A small insect-eating bird of the tyrant flycatcher family is the alder flycatcher (Empidonax alnorum). The Alder Flycatcher is a rather indistinct olive-green bird with bold wing bars and a distinctive, raspy free-beer song, a flycatcher of wet thickets throughout northern North America! The genus name Empidonax is from Ancient Greek empis, “gnat”, and anax, “master”. The Latin alnorum is descriptive and means “of the alders” In open settings such as bogs and beaver ponds, Alder Flycatchers flourish where they sit on high perches and fly out to capture insects from nearby leaves or in midair. Willow and Alder Flycatchers have been more or less hidden in plain sight for decades, known, considering their somewhat different songs, as a single species called Traill’s Flycatcher. The two were officially “split” into two species only in 1973. E. Alnorum is one of the larger species of Empidonax, reaching 13-17 cm in length and 12-14 g in mass. The wingspan varies from 8.3-9.4 in (21-24 cm). The E. Upperparts Alnorum is olive-greenish-dull. The crown is olive-green, slightly darker than the back. With a darker breast band, the throat is white. The eyes are surrounded by thin white rings. With a pinkish or yellow-orange lower mandible and a black upper mandible, the bill is wide and moderate in length. Wings are normally black, with white wing bars and the innermost secondary white edges (tertials). Juveniles have brownish upperparts, yellow underparts, and yellowish-brown or buff wing bars. Alder Flycatchers normally breed further north than Willow, and they prefer to segregate by elevation where their summer range dips south along the high ridges of the Appalachians, with Alders taking the higher land. However, it’s always safer to leave silent birds unidentified during fall migration.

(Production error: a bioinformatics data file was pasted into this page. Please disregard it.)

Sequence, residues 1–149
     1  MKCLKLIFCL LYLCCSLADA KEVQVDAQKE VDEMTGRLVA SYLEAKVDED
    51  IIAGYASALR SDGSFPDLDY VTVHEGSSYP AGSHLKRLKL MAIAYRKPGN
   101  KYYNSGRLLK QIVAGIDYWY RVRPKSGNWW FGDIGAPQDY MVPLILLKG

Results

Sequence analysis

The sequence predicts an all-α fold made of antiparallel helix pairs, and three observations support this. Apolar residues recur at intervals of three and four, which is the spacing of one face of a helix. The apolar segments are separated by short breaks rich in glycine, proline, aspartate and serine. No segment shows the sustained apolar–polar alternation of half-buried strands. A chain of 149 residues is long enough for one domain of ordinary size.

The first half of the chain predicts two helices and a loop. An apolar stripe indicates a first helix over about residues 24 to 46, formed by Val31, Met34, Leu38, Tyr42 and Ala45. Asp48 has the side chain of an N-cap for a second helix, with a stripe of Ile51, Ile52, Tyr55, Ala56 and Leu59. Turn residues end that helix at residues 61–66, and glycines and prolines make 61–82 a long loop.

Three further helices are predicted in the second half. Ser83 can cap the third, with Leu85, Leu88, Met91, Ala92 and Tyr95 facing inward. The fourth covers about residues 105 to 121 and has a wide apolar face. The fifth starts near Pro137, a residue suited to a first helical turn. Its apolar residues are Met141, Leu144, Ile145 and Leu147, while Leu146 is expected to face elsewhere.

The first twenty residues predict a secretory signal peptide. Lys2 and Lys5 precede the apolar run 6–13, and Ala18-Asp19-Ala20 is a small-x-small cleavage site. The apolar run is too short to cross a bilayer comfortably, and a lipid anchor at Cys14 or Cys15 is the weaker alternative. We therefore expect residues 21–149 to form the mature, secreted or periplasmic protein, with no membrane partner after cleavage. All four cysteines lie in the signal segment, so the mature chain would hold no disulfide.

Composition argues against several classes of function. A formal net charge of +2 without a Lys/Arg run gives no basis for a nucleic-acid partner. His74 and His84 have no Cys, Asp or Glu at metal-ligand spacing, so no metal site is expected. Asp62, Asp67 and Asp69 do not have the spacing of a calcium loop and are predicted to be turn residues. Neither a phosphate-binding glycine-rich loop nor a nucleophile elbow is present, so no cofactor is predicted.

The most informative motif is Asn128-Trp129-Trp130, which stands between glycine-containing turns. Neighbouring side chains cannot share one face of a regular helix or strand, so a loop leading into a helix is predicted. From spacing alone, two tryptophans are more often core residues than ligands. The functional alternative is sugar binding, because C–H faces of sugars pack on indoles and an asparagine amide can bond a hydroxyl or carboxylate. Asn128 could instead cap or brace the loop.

Even though they look almost identical, when they hear each other’s songs, Alder and Willow Flycatchers do not respond. In the genus Empidonax, birds are notoriously difficult to classify. To try to improve the precision of species identification of mist-netted individuals, such as using ratios of and variations between the measured lengths of different body parts, including wings and beaks, innovative identification methods have been used. For the identification of species in the field, vocalizations are often relied on when birds cannot be handled by hand. Alder Flycatchers were part of a song learning project in which young Alder Flycatchers in their first two months of life were “tutored” with Willow Flycatcher songs. However, the following season, instead of the songs they had learned as chicks, they sang standard Alder Flycatcher songs. E. The diet of alnorum is mainly composed of insects from the families of Hymenoptera (sawflies, bees, wasps, and ants), Coleoptera (beetles), Diptera (flies), Lepidoptera (butterflies and moths), and Orthoptera (locusts, grasshoppers, and crickets). Insects are collected or gleaned from the leaves of trees during flight. Some birds may include fruit and seeds in their diet in the winter. Male E. Alnorum vocalize to protect the territory of their breeding. Since the species has not been extensively studied, the conduct of courtship is unknown, but it is suspected that males are involved in chasing females through the forest. Per breeding season, 3–4 eggs are laid and are creamy-white or buff in color and speckled at the larger end of the egg with dark markings. For 12–14 days, the female incubates the eggs. Hatchlings are ancient and coated with tiny olive-brown dots. The male and the female are also interested in the treatment of the young. At about 13-14 days of age, juveniles take their first flight. When it was recaptured and reissued at a banding station in British Columbia, the oldest recorded Alder Flycatcher was over 9 years old.